For Sam Henle, his mother’s house was always a place he knew he could go when he was in trouble. She had raised him and his brother Charlie there, and had been letting him stay with her since a drunk driver on Route 50 put him in intensive care.
But on May 15, a tornado threw a white pine through the roof of their little Gansevoort home. He, his mother Linda, and his girlfriend Julie drove away from the house with little else but the clothing on their backs.
Since that point? Despite the Henles’ lack of home insurance or cash, neighbors, friends, and strangers are transforming Linda Henle’s home from a disaster scene into proof that a community can support one another after a crisis.
“I didn’t know half of my neighbors,” said Linda Henle, 70, “but I cannot tell you how many people walking around just walk up and say ‘What do you need me to do?’ ”
It was a Friday evening when she last saw her split-level in its familiar state, where she had single-handedly raised her two boys since the 1980s. She was standing on the cement porch, trying to find the source of a sound like a loud train.
“Branches started snapping, and I looked up and all I saw was this blur coming down the road. There was green, which was the pine branches, black sky, and white right above me. My daughter-in-law came up from the basement and just grabbed me.”
They waited in the basement for what felt like hours. The storm passed in a matter of minutes, but didn’t leave the neighborhood untouched.
The white pine in their front yard was forked, with two branches each more than 20 inches in diameter. They both smashed through the house and left most of the top-level rooms open to the air.
“I got a call in the middle of the night that they got a problem, and, ‘Do you know a tree guy?’ The next morning, I came over with my chainsaw expecting to just cut and help pull the tree down,” said James Ackerman, remodeling division director for Bonacio Construction.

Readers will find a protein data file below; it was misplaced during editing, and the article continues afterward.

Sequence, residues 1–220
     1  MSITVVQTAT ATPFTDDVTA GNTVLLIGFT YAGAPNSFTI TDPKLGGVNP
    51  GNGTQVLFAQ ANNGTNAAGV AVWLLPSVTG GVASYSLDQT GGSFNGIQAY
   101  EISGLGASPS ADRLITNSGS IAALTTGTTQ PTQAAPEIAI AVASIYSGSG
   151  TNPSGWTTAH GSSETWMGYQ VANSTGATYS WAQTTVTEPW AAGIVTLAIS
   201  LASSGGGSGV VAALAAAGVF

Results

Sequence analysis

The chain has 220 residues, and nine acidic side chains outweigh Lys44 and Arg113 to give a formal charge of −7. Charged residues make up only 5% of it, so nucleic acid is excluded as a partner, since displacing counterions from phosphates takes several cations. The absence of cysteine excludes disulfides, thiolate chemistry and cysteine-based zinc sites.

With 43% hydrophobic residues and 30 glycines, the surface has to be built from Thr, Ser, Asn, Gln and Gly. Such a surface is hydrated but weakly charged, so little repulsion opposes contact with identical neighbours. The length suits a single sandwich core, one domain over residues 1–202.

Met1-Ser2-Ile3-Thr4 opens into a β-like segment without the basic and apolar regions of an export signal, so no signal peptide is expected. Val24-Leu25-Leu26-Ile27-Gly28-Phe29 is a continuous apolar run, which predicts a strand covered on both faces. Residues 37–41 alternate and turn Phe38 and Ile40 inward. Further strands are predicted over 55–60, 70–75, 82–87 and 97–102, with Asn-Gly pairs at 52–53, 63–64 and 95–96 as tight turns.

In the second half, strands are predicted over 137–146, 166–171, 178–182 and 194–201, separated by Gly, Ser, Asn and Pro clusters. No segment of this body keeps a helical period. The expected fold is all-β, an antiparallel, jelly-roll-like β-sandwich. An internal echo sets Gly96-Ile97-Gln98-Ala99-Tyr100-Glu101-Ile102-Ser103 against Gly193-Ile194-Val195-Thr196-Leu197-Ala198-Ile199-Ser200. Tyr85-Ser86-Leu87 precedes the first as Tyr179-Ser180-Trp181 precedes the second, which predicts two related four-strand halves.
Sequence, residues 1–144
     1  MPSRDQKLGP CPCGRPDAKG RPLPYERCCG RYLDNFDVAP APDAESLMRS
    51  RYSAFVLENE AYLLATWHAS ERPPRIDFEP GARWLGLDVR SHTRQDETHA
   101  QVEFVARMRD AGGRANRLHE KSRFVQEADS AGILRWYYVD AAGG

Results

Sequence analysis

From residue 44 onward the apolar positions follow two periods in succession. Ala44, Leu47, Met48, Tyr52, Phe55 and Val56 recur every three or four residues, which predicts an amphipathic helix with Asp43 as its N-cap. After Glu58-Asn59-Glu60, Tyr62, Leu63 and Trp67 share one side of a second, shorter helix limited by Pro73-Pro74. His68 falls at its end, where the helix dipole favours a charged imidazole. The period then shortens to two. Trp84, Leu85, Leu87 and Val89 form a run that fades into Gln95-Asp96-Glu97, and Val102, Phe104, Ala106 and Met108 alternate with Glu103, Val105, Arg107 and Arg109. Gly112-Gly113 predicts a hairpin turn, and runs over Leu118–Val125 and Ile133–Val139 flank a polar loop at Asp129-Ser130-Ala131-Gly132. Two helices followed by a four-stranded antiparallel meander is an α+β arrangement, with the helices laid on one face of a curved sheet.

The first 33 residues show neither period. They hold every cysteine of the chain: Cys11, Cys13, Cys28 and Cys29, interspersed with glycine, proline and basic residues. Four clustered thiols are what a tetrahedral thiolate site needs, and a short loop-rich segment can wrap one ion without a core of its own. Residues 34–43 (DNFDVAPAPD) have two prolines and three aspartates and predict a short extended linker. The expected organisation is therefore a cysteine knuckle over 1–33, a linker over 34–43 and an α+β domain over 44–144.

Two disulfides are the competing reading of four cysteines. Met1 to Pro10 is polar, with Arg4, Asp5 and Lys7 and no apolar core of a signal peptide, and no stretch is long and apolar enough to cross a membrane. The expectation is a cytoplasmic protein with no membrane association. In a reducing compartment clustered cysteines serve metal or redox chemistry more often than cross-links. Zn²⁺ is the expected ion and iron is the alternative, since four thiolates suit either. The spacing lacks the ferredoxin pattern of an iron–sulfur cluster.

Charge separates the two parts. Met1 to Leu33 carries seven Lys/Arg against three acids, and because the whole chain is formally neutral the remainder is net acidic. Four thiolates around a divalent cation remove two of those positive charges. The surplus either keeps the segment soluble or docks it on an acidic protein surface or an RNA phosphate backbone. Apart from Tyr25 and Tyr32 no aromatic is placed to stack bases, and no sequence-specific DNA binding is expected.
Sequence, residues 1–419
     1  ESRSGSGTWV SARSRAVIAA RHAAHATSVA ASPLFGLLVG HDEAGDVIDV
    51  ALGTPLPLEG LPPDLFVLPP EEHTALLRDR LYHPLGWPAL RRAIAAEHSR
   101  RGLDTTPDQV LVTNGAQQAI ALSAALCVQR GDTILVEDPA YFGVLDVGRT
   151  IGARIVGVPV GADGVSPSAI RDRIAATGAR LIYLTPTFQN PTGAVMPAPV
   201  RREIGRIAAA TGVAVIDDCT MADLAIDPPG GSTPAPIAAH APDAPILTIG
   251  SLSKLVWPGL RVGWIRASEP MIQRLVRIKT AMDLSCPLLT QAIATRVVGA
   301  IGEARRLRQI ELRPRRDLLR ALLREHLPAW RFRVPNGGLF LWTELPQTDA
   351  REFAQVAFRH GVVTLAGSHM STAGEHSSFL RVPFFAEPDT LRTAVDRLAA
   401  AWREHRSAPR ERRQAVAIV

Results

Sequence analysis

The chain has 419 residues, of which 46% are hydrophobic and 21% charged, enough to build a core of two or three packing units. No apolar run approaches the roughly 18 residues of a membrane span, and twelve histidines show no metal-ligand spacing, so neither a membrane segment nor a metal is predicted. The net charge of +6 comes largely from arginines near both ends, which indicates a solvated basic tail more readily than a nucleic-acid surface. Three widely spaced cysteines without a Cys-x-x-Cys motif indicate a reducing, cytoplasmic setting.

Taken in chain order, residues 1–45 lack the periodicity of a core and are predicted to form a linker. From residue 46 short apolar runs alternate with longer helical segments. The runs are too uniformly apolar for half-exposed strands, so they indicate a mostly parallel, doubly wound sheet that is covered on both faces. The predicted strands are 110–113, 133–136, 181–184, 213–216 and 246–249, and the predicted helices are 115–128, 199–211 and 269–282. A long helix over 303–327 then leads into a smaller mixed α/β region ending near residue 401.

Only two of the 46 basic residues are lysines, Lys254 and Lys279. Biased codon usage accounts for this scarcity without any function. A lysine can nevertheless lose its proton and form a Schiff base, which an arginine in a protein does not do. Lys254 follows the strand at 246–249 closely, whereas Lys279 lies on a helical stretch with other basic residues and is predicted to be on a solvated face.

That turned out to be harder than expected. The first tree removal company couldn’t pull the tree off with their four-ton crane, so Adirondack Tree Surgeons was called in to make use of an eight-ton crane.
One of the Henles’ neighbors, the Delaneys, wrote a check right on the spot to pay for the tree removal. But when the contractor learned Linda had no home insurance, he cut the price in half.
“He went and got $500 out of his own pocket and gave it to the Delaneys. He said, ‘We want to contribute to this,’ which I’ve never seen another contractor do,” Ackerman said.
Funding and workers provided
Ackerman’s son grew up friends with Linda Henle’s son Charlie, so Ackerman knew she couldn’t afford all the work of cleaning up the house, let alone rebuilding it again. He convinced his boss Sonny Bonacio to let a crew of workers work on the house for weeks as a volunteer project.
The Saratoga County non-profit Rebuilding Together agreed to fund materials for the reconstruction of the Henles’ house, which Ackerman said could total thousands of dollars.
For several days, Linda Henle couldn’t go near her destroyed home. She stayed with her aunt during the initial process of throwing everything inside into a dumpster.
“My heart was leaving with my possessions,” she said. “You shouldn’t attach it to possessions, but it was. I just felt like I couldn’t bear it.”
Now, the house has a new blue roof and fresh drywall. Linda Henle brings cold water, fresh watermelon or chocolate chip cookies to the masked construction workers buzzing around in yellow shirts.
At 70 years old, Henle never stopped being a mother, whether that was to her own children, Sunday School kids at St. Paul’s Lutheran, feral cats in her backyard or exchange students from Italy.
“There’s children that go to the church that come from families that are going through something,” said her son Sam Henle as he looked around an empty room that used to be his brother’s. “These kids live here for periods of time and my mom takes care of them, buying them milk because they don’t have milk at their house.”
Linda Henle considers that typical.
“It’s what you do, honey, when somebody needs help. And it has come back a thousand-fold,” she told her son.
Some of those kids have sent Henle cards with a few dollars tucked inside. The exchange student she hosted years ago wants to send her cash, too.
“She’s been a good mom to me. I’m glad other people recognize that about her,” Sam Henle said.
Linda Henle grins: “Can somebody say that into a recorder? Anybody have a recorder here? You hardly ever say things like that.”
There is no doubt their life will never be the same after the tornado, but Henle thinks now she is able to recognize how all the people in her life she has cared for are returning the favor.
“I used to always leave a message and say, ‘Oh, it’s just Linda, nobody important.’ But now I see all these people come out of the woodwork and say, ‘You are important to us.’
“Now, I’m just really grateful for every little thing.”